WASHINGTON: The US Senate on Wednesday passed an expansive $280-billion bill aimed at building up America’s manufacturing and technological edge to counter China, embracing in an overwhelming bipartisan vote the most significant government intervention in industrial policy in decades.
The legislation reflected a rare consensus in a polarised Congress to address the country’s intensifying geopolitical rivalry with Beijing. The plan is centered around investing federal money into cutting-edge technologies and innovations to bolster industrial, technological and military strength.
The bipartisan support illustrated how commercial and military competition with Beijing – as well as the promise of new jobs – has shifted party orthodoxies, generating agreement among Republicans who once eschewed government intervention in the markets and Democrats who had resisted showering big companies with federal largess.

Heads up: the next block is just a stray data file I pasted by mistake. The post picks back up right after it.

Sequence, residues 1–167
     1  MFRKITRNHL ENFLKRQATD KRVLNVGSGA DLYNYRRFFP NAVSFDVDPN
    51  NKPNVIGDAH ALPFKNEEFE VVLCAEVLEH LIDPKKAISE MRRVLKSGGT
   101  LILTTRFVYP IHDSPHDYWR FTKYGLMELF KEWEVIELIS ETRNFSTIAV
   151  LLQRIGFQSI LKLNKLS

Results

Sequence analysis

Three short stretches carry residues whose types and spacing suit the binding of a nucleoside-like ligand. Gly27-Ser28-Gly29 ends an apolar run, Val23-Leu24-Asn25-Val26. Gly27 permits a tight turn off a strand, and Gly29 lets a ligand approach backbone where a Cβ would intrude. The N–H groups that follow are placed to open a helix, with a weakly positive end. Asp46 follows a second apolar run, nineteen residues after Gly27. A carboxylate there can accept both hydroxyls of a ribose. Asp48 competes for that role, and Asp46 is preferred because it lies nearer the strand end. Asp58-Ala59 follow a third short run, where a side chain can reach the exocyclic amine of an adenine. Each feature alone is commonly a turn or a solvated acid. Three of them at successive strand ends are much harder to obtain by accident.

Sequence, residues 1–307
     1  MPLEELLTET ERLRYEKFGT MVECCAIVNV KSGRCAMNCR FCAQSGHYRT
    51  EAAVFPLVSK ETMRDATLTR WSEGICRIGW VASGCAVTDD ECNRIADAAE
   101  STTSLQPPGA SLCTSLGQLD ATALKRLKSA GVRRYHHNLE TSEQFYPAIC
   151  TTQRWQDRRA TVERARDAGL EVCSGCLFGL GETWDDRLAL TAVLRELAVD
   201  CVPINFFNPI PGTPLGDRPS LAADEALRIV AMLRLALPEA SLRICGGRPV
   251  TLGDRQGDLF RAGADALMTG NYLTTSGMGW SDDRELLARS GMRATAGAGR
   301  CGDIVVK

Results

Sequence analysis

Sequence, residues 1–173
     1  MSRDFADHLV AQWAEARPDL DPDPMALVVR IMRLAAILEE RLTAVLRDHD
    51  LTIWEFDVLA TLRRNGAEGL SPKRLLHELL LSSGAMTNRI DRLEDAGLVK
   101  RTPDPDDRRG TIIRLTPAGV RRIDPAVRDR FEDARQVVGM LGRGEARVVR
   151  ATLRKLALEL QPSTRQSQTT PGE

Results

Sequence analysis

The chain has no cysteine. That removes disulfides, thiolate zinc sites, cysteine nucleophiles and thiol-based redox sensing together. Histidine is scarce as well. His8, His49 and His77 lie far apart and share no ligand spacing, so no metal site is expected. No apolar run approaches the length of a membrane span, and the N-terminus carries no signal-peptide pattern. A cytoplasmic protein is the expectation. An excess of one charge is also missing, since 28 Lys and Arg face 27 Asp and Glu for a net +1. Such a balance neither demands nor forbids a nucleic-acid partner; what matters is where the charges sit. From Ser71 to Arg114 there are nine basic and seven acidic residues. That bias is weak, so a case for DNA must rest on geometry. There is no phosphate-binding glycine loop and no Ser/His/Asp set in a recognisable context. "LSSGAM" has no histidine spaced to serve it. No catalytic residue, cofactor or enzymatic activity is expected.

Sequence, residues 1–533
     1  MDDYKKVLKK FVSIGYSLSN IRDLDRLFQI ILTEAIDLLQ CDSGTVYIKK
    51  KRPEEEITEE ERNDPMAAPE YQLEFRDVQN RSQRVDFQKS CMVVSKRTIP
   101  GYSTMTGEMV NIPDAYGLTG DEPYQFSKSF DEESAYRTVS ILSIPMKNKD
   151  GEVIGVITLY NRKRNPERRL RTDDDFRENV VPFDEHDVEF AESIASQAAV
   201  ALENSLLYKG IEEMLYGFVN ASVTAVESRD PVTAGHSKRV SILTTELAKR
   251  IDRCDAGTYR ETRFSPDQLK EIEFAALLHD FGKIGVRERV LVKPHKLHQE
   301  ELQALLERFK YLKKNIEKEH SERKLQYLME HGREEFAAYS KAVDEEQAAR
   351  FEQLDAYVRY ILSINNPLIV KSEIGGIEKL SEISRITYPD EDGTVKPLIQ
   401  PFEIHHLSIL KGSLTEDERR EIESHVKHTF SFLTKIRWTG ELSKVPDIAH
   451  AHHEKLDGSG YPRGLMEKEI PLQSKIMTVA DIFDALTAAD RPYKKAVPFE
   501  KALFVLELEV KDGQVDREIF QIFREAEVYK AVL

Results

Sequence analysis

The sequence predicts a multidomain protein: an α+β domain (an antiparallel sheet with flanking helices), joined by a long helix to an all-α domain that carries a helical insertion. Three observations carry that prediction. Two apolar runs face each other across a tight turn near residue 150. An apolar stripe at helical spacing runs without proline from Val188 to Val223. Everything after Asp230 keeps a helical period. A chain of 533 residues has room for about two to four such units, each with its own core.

The legislation will next be considered by the House, where it is expected to pass with some Republican support. US President Joe Biden, who has backed the package for more than a year, could sign it into law as early as this week.
The bill, a convergence of economic and national security policy, would provide $52 billion in subsidies and additional tax credits to companies that manufacture chips in the US. It also would add $200 billion for scientific research, especially into AI, robotics and quantum computing.
The effort has marked a foray into industrial policy that has had little precedent in recent history, raising questions about how the Biden administration and Congress would implement and oversee a major initiative involving hundreds of billions of taxpayer dollars.